by Rabbi Dr Charles Middleburgh,
congregational rabbi in Ireland and Wales, founder rabbi of Congregation Shir HaTzaphon in Copenhagen and Honorary Director of Studies at the Leo Baeck College in London; lecturer at the Irish School of Ecumenics, Trinity College, Dublin
This Shabbat we commenced again the reading of the Torah with the portion of Bereishit, and from this sidra we hear, among other things, the tragic story of Cain and Abel. The first brothers in the history of the world, the first murderer and the first victim.
The first to find divine favour and the first to feel irrational hatred and jealousy. For the tragedy in the story is shared. Cain and Abel are very different men, and the former, though older, clearly feels at a disadvantage in every way in comparison to his brother. Whether Abel took advantage of this emotion in his brother the Torah does not relate, but we can surmise – our knowledge of human nature being what it is – that there is more than a possibility that he did so. Cain reacts predictably and extremely in this situation, and is then punished severely by God for his fratricidal act, becoming in his own way as much a victim as his brother.
It is fascinating then to discover that in those parts of world literature in which Cain makes an appearance, he is universally excoriated as a murderer, rather than being seen in any way as a victim, much in the same way in which Esau is so utterly calumniated in rabbinic literature.
Many examples may be advanced of the unremittingly harsh way in which poets and writers have treated Cain, one or two will have to suffice. The following extract from Byron’s Manfred is a perfect representation:(I,i,242)
By thy cold breast and serpent smile,
By thy unfathom’d gulfs of guile,
By that most seeming virtuous eye,
By thy shut soul’s hypocrisy;
By the perfection of thine art
Which passed for human thine own heart;
By thy delight in others’ pain,
And by thy brotherhood of Cain,
I call upon thee! and compel
Thyself to be thy proper Hell!
The tradition grew up that Cain had red hair and that this feature was a sign in a human being of a fiery temper, and this is something to which even Shakespeare refers. It seems that no-one can speak well of Cain. Of course, it might all be different today where society finds excuses for the worst perpetrators of crime. Cain had a deprived childhood, they would say, an unstable home life, his parents were pathological liars, his brother had delusions that he was favoured by God and with this increased Cain’s already existent inferiority complex, and so on and so forth… we have heard it all before.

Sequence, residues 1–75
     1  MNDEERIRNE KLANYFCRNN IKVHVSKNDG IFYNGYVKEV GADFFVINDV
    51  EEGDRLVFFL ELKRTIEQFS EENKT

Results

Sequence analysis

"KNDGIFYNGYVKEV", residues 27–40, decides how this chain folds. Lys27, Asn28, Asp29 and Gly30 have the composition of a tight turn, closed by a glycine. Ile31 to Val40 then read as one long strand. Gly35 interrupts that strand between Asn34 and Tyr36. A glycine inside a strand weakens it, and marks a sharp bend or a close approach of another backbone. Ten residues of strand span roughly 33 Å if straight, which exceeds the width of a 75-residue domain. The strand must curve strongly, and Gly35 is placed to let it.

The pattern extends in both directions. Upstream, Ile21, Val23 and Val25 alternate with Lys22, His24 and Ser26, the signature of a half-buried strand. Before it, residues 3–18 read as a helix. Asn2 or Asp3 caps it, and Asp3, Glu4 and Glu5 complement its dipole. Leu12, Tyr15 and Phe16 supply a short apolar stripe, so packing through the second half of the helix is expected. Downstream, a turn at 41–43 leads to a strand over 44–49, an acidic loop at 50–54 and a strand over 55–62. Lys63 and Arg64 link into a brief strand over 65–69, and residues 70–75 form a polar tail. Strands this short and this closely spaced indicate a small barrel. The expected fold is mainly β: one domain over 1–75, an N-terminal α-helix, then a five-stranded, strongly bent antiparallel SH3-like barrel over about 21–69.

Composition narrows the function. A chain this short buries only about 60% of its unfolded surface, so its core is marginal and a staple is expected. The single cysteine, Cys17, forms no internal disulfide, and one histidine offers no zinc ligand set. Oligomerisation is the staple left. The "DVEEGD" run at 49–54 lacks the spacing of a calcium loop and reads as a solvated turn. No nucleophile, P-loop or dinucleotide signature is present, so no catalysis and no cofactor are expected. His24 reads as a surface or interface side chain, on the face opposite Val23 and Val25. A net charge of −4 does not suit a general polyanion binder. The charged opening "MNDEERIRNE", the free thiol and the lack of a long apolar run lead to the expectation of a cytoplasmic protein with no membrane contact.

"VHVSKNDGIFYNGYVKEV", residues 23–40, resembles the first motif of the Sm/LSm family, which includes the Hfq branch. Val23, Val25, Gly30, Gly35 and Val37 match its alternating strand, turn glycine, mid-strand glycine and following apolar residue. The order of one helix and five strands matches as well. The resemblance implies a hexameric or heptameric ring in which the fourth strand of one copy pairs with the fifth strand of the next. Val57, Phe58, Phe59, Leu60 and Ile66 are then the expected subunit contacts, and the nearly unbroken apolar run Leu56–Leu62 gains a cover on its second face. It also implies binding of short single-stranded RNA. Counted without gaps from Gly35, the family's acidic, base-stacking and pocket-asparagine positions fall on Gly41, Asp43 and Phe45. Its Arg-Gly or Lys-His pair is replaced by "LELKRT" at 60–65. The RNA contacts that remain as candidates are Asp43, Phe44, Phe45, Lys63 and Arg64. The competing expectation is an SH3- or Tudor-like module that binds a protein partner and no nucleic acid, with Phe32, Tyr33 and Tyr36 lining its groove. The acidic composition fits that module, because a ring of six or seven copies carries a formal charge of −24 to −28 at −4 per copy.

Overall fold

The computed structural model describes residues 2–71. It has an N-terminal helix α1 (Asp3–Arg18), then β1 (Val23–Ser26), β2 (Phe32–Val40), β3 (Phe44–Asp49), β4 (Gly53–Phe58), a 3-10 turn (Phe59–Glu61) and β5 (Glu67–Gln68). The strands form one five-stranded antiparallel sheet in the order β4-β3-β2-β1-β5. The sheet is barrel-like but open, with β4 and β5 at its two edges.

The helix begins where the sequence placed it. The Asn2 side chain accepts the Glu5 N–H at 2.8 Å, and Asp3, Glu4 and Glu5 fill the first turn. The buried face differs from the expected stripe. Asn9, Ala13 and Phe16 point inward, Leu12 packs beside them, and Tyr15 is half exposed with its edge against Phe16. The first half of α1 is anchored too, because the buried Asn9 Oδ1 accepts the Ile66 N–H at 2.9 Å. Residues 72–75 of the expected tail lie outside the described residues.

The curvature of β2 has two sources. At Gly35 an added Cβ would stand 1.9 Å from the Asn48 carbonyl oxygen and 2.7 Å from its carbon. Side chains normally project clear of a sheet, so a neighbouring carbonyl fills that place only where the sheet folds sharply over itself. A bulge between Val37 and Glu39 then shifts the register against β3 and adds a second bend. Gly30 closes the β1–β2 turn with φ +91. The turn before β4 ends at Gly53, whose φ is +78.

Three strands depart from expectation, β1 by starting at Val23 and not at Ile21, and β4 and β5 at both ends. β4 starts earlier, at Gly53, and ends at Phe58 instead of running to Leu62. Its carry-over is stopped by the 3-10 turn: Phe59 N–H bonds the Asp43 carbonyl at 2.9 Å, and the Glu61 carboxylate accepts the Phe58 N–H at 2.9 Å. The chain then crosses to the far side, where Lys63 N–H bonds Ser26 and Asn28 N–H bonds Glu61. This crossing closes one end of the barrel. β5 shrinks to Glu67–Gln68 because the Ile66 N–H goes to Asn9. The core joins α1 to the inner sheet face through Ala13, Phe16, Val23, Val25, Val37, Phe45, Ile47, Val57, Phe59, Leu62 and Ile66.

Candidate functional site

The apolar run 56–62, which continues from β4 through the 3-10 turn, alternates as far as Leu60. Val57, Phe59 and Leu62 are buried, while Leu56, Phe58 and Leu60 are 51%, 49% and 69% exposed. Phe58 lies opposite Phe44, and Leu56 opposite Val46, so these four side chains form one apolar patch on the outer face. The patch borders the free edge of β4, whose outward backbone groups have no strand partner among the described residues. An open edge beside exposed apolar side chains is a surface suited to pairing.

Yet it is hard not to have a sneaking sympathy for Cain, for the text makes it absolutely clear that circumstance created the conflict between him and his brother, and that although he may legitimately be described as a fratricide, nevertheless it was
– and not he – who was responsible for the circumstances, and therefore it is God who must take at least an equal proportion of the blame.
When you consider this story and all its implications, and when you bear in mind everything else that is in parshat Bereishit, it is hard not to conclude that only a rabbi with a slightly malicious sense of humour would select such a sidra for a Bar Mitzvah to read; after all, why choose such a negative tale when there is the creation epic in all its glory to be selected. Yet this is exactly what one of our rabbis in Brighton did for my Bar Mitzvah, 41 years ago!
I remember it well, the build-up, the tension, the service, though not, as I have remarked before, the rabbi’s sermon, and the luncheon party that followed (of which almost all of the guests, with about 3 exceptions, are now dead). In many ways it seems strange to think that it was
41 years ago, for it might just as easily be a 100.
The passage of time, the growth, the experience that we all undergo during a period of four decades is so significant, and so transforming that it is possible to look back on the person one once was with the same degree of detached and impartial fascination as one would consider an interesting animal specimen in a zoo.
And indeed to contemplate with varying degrees of horror or amazement the person one has become.
Think about the hopes and dreams and ideas you have at thirteen; life stretches ahead of you, the world is full of opportunity, self-confidence is just beginning to grow, the best is yet to come. 38 years later most of us will have experienced life in all its variety.
We will have known joy and achievement, we will have experienced adult love, we will have learned more than we could ever have imagined learning.
And we will have known grief, and loss, and disappointment, the shattering of dreams, the betrayal of ideals, the nauseating hypocrisy of the world and all its terrors. We will be battered, bruised and dismayed, riddled with self-doubt and fear – we will at last have grown up.
Then, perhaps, and only then will we be able to understand Cain’s tragedy and greatness, and our own: to be the eternal victim of circumstances beyond our control rather than the architects of our own destiny, to be flotsam on the sea of time rather than the pilots of a mighty bark, to be casualties of an incomprehensible and intangible whim… and yet not to give in.
Like Cain to pick ourselves up, shake ourselves very hard, and start again to face life and try and claw something bearable from it, maybe even to succeed, against apparently huge odds, and do more than just survive. That is the strength that lies at the heart of the human enigma, that is the lesson that we can learn from our ancestor Cain.
Maybe that rabbi thirty five years ago was much wiser and much less malicious than I thought!